As a result of this unfortunate situation I disassociated myself from Jack Ward. Whatever he said, was on his own. While I formerly went along with his theories, if anyone should ask me today what I think of them I would have to say that I don’t go along with them. As far as I am concerned we are back at square one. The study of the contents of the cave needs thoroughly competent people who will tackle the exploration with an open mind. And whatever their findings are, I am ready to accept them.

I firmly believe that, had I kept control of the situation and not allowed Jack Ward to be the sole contact with the scholars who were trying to figure out what was happening, we would not be in the situation we are in now. All I can say now in retrospect is that I would not have done that. I didn’t know what I was doing and without experience I have made some mistakes.

But if I have made mistakes, Jack made a lot more. He continued to make statements that may or may not be true and he continued to stand by his decipherments which all of the experts seem to disagree with.

While I am trying to discuss my problems with the Epigraphic Society here, I find I am instead discussing Jack Ward. I associate the two together. After all, I would not be in such hot water with that group, if it were not for Jack.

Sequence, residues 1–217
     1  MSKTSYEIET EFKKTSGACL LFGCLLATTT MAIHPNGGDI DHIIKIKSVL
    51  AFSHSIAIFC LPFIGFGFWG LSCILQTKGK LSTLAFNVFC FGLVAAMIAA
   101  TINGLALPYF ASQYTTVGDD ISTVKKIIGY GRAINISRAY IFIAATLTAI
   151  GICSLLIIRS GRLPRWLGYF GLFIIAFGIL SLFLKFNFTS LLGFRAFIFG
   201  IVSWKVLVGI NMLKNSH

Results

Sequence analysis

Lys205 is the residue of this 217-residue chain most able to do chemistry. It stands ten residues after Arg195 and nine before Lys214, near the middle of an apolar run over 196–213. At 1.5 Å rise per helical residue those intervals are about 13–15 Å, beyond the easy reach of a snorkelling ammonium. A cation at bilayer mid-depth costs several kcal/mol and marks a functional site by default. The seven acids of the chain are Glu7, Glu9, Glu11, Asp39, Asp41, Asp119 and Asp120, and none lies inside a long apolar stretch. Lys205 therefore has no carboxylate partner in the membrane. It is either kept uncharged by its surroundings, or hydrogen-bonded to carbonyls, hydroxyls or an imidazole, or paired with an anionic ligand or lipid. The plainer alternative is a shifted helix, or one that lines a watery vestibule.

Later, a linguist by the name of Joe Palmer came to Vincennes to have a look at the collection of artifacts. Thank God Joe is a very smart man. He had to be to wade through all the stuff Jack Ward threw at him.

Now Jack figured out, through his deciphering, the names of two men who are buried in the cave. According to Jack, one was named Aga Zih, and the other was named Raz. Jack said his title and name was Chief Raz.

But according to Dr. Fell “Raz” itself translates as “chief.” So that man was named “Chief Chief.”

And Jack told Joe Palmer and another gentlemen, both scholars, that “Raz was red-headed, you know.” Absurd.

I want to tell you, one and all, I made my excuses for having to leave and got out of there fast. It was fortunate that Joe called me later in the day, and that I had a chance to talk with him about what Jack had said. I was very relieved to hear that he had taken it with a grain of salt.